Agatha is happily causing chaos wherever she goes as she travels the wild west searching for great stories for her newspaper. When she stumbles upon the man she once loved, Zayne Beckett, obviously in need of some guidance (AND minus one Helena....) Agatha decides to take him in hand. Her bodyguard Mr. Blackheart and paid companion Drusilla have learned to just go with it. Zayne, however, tries to resist. (As if anyone could win an argument with Agatha Watson!)Unfortunately, the person who wanted to kill Agatha, spurring her westward journey, is still up to his old tricks. Thankfully, Agatha proves to be hard to kill. Now if only she could nip her growing feelings for Zayne....


I'm giving this story 5 stars.

1: I have a ton of stuff to say, but if I wait to talk about Mathilda, I might just burst! Mathilda is my favorite! She's hilarious, she's great at guarding, she's a little touchy, she rarely takes the great advice Agatha gives her, and she's very protective. I thought at first that she would be just a "first two chapters" character. I was so glad when Agatha brought her home. OHHHH...... Did I mention that Mathilda is a P-I-G? A very smart one at that! πŸ˜‚πŸ˜‚πŸ˜‚πŸ˜‚

2: Okay, back to the rail (I think I might have derailed the train a bit there.... maybe not....) Anywho.... Jen Turano is such a great author. Honestly, if anyone else did this I'd probably think it terribly cheesy. There is a really great balance here. And while some of these situations are unbelievable, I do realize that in some cases... this could be completely plausible. I went from chuckles, to giggles, to brother-staring-at-you-because-you're-so-loud laughter.

3: The characters were amazing. From Agatha, and her ability to make any situation dangerous, to Drusilla, who happens to be able to handle a pistol quite well, From Mr. Blackwell, who won't let anyone know his given name, to Mary, an assassin who is terrible, I mean TERRIBLE!, at her job, every character begs to be loved. Oh, did I mention 8-year-old Piper, who just happens to be the key to straightening out the mess Zayne is making. Honestly.... the characters were everything in this story.

4: As far as bad guys go, well... this one was... hilarious is a given, but I was going to say, devious. I think I had him pegged after the Mathilda affair, but I wasn't sure. Honestly, his reasons for hating Agatha had me wavering between laughing and indignation. Of course, I also consider that awful Helena a bad guy. Her new fiancΓ© though.... he's the best!

5: The epilogue! Yes! I was so excited. It was too perfect! (As if you couldn't tell by the absurd number of exclamation points here!)



Tuesday, May 1, 2018

Review: The Golden Vial by Thomas Locke

With the realm under threat and an ailment sweeping the land, the last remaining hope may come from an unlikely source--a young, orphaned servant with untested and untrained abilities. (That's form Goodreads, but it isn't really that great... there's more. Although, I guess this is the essence of it, really.)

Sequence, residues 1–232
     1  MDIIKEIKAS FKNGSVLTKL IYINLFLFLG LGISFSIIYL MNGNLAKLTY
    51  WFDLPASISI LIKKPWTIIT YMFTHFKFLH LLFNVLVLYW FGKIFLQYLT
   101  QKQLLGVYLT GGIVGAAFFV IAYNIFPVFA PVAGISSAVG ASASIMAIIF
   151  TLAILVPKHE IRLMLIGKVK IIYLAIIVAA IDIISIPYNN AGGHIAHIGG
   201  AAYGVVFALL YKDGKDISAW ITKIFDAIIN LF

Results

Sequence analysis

This book is the third in a series and while I started here, I think the enjoyment would have been better if I had started at the very beginning. This book, well, it reminds me of the Lord of the Rings stories, not necessarily in plot so much as in the characters. To be honest, at first it kind of freaked me out a little. I enjoyed the book, but I don't know that it is necessarily the series for me. I oved the characters and the storyline, but there was really too high of a dose of spells and whatnot for me to be completely comfortable. If that's what you like, well, it's a great book. The chapters are short so it's easy to find a stopping place if you want or really easy to play the "one more chapter" game. It goes both ways. For myself, I'd give this book.. 3.5 stars. For others, you may find it to be much higher. One thing that does stick out as weird is there's this one chapter that doesn't flow with the narrative style of the rest of the book very well, and it's right near the beginning. Overall, I enjoyed reading it, but I wouldn't have probably chosen it had I realized all of the content.  



I received this book in exchange for my honest review.


Saturday, April 28, 2018

Review: The Mayflower Bride by Kim Woodhouse

I've been putting this one off for a while know, just because I don't think that I can do it the justice that it needs. I was so stoked for this book, and I was not disappointed. Kim is incredible, and I'm not just saying that. I finished this book months ago, and I still don't know if I'm ready for this review. But either way... I need to do it now because the Greenville weather is making it the perfect time for this very awful joke/pun thing... April showers bring May flowers... And Mayflowers bring Pilgrims! (Sorry, not sorry!)
I'm just going to give you the official, copy-paste synopsis, because I'm going to ramble enough without that help.


Mary Chapman boards the Speedwell in 1620 as a Separatist seeking a better life in the New World. William Lytton embarks on the Mayflower as a carpenter looking for opportunities to succeed—and he may have found one when a man from the Virginia Company offers William a hefty sum to keep a stealth eye on company interests in the new colony. The season is far too late for good sailing and storms rage, but reaching land is no better as food is scarce and the people are weak. Will Mary survive to face the spring planting and unknown natives? Will William be branded a traitor and expelled?